Daubert Standard Not Applicable

The Court of Appeals decision mentions only briefly Kochert's argument that when the district court permitted her economics expert to testify following denial of a Daubert challenge, the district court was automatically precluded from entering summary judgment for the defendants. See Daubert v. Merrell Dow Pharmaceuticals, Inc., 509 U.S. 579 (1993).

Kochert had argued that admission of any testimony by her economics expert was sufficient to raise a disputed point of fact so as to preclude summary judgment. There was extensive briefing and oral argument before the Court of Appeals on the difference between the standard for admissibility of expert testimony under Daubert and the standard for summary judgment. The court rejected Kochert's arguments, but declined to elaborate because of its finding that Kochert lacked antitrust standing.

Judy L. Woods is a Partner at Bose McKinney & Evans LLP, where she serves on the firm's Executive Management Committee and is the firm's Ethics Officer. She is chair of the Antitrust Practice Group and a member of the Litigation and Appellate Practice Groups at Bose McKinney Evans.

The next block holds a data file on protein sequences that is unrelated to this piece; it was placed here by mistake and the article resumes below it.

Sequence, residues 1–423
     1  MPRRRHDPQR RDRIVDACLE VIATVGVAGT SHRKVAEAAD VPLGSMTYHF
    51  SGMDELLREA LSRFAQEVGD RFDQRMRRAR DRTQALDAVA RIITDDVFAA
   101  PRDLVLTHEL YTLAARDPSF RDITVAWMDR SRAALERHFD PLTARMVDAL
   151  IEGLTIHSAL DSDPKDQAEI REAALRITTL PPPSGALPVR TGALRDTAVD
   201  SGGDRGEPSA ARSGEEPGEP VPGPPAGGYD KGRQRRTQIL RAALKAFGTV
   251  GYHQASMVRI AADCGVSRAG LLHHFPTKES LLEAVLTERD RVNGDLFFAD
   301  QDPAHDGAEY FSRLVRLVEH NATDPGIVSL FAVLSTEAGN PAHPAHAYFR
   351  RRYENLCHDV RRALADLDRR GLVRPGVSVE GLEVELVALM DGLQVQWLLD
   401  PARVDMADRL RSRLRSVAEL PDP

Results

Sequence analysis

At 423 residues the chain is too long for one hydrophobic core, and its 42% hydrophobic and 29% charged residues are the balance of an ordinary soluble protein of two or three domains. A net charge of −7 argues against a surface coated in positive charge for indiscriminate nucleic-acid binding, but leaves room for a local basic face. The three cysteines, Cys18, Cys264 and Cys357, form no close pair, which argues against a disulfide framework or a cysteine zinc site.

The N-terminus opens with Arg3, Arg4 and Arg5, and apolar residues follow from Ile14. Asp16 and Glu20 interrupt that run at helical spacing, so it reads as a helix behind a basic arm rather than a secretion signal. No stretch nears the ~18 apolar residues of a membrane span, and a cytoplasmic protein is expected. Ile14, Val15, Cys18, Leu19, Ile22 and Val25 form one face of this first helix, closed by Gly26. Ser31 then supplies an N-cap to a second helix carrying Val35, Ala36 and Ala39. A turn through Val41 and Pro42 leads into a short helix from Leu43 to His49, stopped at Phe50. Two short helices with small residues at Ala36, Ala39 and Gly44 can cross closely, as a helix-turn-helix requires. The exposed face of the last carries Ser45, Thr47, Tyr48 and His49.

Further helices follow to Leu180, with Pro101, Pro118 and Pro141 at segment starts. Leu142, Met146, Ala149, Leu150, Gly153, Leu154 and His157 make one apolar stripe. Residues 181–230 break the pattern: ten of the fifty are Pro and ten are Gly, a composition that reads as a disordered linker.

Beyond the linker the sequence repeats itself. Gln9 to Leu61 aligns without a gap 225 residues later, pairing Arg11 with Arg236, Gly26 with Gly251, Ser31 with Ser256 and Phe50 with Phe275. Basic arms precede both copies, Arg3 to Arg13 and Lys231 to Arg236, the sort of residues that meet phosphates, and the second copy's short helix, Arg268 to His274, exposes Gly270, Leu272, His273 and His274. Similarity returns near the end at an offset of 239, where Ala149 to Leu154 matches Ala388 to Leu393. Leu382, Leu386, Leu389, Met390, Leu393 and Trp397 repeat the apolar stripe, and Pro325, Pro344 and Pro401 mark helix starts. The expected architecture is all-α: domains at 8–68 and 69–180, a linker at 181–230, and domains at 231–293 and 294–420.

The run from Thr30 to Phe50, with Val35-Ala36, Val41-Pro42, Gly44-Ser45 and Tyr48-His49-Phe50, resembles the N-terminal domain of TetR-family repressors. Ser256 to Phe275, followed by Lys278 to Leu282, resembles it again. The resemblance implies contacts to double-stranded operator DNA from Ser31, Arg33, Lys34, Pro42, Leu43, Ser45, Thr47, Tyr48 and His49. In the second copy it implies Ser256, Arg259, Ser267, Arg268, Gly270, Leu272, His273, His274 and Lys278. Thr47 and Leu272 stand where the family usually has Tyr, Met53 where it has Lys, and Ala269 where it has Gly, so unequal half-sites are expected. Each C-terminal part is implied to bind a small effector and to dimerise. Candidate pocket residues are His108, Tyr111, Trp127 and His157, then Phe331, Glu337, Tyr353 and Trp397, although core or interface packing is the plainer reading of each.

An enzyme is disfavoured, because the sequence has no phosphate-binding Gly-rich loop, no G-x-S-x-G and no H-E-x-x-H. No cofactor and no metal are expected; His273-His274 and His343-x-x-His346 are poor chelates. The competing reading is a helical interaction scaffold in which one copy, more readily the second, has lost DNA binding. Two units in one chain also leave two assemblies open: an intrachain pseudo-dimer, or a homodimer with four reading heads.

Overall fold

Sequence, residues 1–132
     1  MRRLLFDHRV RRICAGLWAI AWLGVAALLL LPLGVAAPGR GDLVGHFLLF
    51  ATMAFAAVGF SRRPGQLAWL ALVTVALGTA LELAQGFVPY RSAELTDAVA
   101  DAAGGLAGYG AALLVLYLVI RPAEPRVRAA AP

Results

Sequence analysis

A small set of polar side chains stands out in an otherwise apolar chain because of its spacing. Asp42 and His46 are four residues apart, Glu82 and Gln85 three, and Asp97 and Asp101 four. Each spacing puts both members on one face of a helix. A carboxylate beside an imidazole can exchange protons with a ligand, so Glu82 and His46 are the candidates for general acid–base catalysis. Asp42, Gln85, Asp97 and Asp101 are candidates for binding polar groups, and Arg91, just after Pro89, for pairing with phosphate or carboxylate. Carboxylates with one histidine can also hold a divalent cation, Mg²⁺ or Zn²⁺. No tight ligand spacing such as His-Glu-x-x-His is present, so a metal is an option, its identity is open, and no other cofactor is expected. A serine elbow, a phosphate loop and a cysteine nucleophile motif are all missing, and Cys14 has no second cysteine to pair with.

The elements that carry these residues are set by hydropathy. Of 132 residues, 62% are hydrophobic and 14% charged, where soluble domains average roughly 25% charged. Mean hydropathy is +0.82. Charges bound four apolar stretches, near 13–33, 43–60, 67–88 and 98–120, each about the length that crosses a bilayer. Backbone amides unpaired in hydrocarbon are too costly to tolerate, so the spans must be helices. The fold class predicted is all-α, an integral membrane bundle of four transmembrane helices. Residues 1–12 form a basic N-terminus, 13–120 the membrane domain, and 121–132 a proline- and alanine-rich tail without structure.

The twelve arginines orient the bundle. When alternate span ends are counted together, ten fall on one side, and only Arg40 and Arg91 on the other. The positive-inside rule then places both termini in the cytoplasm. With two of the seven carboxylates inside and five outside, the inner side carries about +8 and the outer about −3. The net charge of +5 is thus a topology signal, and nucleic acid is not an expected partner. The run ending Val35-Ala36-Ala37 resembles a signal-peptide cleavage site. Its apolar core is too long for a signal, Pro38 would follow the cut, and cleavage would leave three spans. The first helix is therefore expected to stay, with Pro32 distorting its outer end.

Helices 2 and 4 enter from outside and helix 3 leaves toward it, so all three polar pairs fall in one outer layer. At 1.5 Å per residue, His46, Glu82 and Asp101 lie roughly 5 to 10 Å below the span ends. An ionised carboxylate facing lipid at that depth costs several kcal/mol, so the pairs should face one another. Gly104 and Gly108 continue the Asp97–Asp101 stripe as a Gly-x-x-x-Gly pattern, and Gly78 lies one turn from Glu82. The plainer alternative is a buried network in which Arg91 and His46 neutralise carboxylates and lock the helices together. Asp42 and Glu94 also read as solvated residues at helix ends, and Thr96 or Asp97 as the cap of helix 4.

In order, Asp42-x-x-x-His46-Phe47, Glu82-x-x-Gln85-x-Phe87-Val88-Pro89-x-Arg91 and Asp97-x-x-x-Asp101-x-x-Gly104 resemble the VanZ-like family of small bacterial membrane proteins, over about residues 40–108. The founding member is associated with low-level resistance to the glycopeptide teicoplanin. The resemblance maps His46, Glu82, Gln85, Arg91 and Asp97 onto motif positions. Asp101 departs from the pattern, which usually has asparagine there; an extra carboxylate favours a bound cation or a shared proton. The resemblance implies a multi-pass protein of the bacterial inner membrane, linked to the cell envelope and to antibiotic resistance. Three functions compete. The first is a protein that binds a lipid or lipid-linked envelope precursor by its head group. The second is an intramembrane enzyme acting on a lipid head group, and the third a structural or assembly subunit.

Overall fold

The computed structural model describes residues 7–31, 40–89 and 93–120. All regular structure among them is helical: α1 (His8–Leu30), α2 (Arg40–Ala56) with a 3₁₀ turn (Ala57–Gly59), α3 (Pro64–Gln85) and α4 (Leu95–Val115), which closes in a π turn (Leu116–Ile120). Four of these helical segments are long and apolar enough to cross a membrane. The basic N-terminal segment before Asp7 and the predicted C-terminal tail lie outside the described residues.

Ms. Woods graduated cum laude from the Indiana University School of Law at Indianapolis in 1987, and was an Associate Editor of the Indiana Law Review and received several academic awards from the Law School. Ms. Woods holds a B. A., magna cum laude, from Macalester College and an M.A. from Bryn Mawr College.

Ms. Woods is a member of the panel of neutrals for the American Arbitration Association's Large and Complex Case and Commercial Case Programs and the panel of neutrals for alternative dispute resolution program of the National Research Exchange (securities industry).

Ms. Woods has litigated many cases at the trial and appellate levels, including the United States and Indiana Supreme Courts, involving questions of business or commercial law, antitrust, corporate governance, RICO and related subjects.

Ms. Woods is the author of several law review articles and other publications on business law topics, civil procedure, legal ethics and related topics. Ms. Woods is the author of volumes 7, 8 and 8A of Ind. Practice (3d ed. 2003 ).

Ms. Woods is a member of the American, Seventh Circuit, Indiana State and Indianapolis Bar Associations.